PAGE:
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Donald Trump’s revised Muslim Ban is just another battle in a presidency that looks like war

Of Donald Trump’s executive orders to date, his so-called “Muslim Ban” has drawn the most attention and controversy. In addition to causing mass confusion and chaos, Trump’s order also brought tensions between the Executive and Judicial branches of government to a head. Facing public outcry and judicial resistance, Trump revoked his original order and replaced it with an updated version, published on 6 March. Trump’s newer bill is written to tackle issues raised by both the public and the courts.

The order, under the same title as the first (‘Executive Order Protecting The Nation From Foreign Terrorist Entry Into The United States’), sets out an immigration policy that keeps the bulk of his original plan with just a few key differences.

The first big change was whittling down the number of countries affected from seven to six. Due to the strategic relationship between the United States and Iraq, Iraq has been removed from the list of target countries. While Iraq has been dropped from the list of countries experiencing a blanket immigration ban, Iraqi nationals will continue to face additional scrutiny, including an inquiry into potential connections to IS.

One of the many questions Trump’s original order brought up was the effect of the order on dual nationals – for example a Syrian with a French passport. Trump’s updated order contains far more specificity about who can, and cannot, enter the country. Under the current order, dual nationals are exempt, along with five other named exceptions. The order also allows, but does not guarantee, waivers for students returning to continue studies, medical care of children, and family unification.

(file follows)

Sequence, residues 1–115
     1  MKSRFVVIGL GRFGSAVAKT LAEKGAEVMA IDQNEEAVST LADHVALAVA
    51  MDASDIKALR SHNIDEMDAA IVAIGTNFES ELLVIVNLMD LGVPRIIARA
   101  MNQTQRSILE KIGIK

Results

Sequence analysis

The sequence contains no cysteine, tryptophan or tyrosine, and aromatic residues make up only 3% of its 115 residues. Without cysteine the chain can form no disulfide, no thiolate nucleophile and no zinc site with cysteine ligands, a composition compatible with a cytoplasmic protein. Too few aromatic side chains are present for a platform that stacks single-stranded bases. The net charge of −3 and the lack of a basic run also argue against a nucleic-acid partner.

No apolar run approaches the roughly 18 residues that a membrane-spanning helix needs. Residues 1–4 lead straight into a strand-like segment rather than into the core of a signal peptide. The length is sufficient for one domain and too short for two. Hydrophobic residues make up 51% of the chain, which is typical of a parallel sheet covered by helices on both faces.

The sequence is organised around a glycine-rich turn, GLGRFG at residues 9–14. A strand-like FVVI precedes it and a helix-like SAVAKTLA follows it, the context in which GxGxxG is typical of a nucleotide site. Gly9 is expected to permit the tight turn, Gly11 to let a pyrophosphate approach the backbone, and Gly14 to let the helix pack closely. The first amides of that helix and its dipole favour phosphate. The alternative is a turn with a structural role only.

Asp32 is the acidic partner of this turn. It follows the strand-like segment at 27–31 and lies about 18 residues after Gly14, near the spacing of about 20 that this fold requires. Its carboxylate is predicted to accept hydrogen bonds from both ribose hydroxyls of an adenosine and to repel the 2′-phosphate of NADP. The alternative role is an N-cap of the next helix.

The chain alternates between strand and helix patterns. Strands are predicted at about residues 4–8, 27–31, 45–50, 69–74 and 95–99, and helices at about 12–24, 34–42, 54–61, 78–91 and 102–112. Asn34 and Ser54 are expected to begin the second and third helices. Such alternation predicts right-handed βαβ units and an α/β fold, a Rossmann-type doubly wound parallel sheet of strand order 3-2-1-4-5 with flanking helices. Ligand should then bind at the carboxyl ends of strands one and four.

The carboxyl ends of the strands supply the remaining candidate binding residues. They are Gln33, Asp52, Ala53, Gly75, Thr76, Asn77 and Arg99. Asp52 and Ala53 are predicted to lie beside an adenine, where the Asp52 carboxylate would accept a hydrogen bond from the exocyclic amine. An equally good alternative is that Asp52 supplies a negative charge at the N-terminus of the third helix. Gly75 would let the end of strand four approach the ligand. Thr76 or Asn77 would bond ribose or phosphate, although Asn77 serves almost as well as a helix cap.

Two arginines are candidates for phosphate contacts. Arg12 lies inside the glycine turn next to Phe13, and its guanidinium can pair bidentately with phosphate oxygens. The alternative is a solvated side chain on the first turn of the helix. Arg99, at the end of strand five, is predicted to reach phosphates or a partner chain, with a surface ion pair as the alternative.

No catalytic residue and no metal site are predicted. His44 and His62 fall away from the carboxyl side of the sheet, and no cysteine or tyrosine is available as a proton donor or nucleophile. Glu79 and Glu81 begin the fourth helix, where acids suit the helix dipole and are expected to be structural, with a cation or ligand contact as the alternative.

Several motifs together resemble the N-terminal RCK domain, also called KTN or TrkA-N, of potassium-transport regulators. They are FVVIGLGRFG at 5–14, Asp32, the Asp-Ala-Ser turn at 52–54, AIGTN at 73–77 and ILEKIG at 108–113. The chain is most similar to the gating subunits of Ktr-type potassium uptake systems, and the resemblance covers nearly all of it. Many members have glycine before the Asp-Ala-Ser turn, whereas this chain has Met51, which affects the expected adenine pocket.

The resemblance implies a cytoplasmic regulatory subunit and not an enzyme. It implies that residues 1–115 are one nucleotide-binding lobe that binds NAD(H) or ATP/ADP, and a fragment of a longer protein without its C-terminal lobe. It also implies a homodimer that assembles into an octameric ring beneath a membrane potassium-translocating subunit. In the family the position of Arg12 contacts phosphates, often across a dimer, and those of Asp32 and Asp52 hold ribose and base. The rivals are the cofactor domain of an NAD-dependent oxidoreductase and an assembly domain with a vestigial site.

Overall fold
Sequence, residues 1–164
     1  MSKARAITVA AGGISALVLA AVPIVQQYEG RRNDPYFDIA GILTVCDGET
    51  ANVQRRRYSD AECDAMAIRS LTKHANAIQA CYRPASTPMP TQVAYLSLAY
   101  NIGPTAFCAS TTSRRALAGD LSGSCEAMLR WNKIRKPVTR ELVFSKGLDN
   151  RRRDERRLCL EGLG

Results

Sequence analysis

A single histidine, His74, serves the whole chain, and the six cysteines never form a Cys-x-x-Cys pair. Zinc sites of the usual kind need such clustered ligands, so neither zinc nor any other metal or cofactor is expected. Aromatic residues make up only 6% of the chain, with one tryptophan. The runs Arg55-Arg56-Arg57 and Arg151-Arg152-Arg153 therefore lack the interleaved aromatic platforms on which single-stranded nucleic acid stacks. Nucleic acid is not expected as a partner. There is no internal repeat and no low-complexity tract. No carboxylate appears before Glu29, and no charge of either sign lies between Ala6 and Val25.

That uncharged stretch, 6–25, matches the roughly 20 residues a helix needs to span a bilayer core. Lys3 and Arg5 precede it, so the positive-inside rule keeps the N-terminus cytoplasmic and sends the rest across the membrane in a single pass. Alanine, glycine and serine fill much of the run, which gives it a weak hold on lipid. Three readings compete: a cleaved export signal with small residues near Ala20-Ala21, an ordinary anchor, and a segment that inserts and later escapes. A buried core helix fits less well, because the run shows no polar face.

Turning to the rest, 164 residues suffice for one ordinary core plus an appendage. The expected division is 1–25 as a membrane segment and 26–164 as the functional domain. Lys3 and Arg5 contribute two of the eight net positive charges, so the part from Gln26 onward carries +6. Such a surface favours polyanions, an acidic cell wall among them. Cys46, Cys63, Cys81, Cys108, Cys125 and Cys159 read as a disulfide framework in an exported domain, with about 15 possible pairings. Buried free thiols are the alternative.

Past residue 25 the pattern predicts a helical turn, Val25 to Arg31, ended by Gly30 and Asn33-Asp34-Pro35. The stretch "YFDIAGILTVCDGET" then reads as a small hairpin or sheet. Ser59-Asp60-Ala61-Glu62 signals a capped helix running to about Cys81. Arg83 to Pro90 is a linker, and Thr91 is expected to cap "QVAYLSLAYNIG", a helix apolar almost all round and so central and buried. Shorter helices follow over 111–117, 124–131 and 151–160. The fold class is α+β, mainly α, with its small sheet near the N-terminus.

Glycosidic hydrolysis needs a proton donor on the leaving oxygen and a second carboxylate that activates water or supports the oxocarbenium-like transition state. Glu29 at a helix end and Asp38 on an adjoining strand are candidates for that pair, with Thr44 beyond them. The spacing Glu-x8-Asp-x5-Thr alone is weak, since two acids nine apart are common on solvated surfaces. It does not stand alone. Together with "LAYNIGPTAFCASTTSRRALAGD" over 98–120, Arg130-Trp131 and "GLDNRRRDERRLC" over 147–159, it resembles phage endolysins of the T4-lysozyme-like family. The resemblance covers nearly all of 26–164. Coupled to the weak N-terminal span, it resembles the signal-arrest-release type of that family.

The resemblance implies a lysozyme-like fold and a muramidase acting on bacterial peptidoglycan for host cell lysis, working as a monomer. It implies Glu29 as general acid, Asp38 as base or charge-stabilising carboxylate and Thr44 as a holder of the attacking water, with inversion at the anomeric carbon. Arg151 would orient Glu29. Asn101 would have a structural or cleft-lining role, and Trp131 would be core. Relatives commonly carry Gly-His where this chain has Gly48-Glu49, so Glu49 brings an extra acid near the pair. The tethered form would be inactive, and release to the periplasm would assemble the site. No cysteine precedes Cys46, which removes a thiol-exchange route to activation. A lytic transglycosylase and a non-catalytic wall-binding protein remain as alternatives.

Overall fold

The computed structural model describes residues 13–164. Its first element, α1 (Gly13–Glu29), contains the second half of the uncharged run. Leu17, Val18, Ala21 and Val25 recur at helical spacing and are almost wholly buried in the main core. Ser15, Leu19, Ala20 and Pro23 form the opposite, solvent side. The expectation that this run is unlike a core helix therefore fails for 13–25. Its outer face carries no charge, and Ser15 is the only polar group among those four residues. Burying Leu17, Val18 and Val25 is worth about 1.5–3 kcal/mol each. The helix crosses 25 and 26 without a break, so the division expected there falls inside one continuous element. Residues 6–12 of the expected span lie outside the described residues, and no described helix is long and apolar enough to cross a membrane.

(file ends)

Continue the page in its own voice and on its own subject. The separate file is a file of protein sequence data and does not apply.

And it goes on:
The timeline of this order will also differ slightly from the first – the changes will be rolled out over the coming ten days to avoid the chaos of mid-flight changes to immigration policy. This change will also prevent airports from becoming makeshift law firms.

Another significant change is the revoking of the ‘Christian exception’, a provision allowing for the prioritisation of religious minorities applying for refugee status. Seen as discrimination based on religion, an internationally condemned policy, Trump replaced the provision with a defence of his original position and an assurance that the intent was to protect, not discriminate.

Although Trump maintained his limit of allowing entry to 50,000 refugees per fiscal year and a 120 day suspension of all refugee applications, he has lifted the indefinite ban on Syrian refugees. With several European countries currently threatening to sue one another over Syrian refugee admission (Hungary and Slovakia filed lawsuits in 2015) and refugees themselves raising lawsuits, Trump’s decision to lift the ban on Syrians was a wise decision politically as well as legally.

Notably, this order excludes reference to the 11 September, 2001 attacks. Prominent in the original order, many people called Trump out for referencing an attack that was carried out by nationals of four countries – none of which were listed in his order. Instead, Trump has shifted to a more general anti-terror rationale.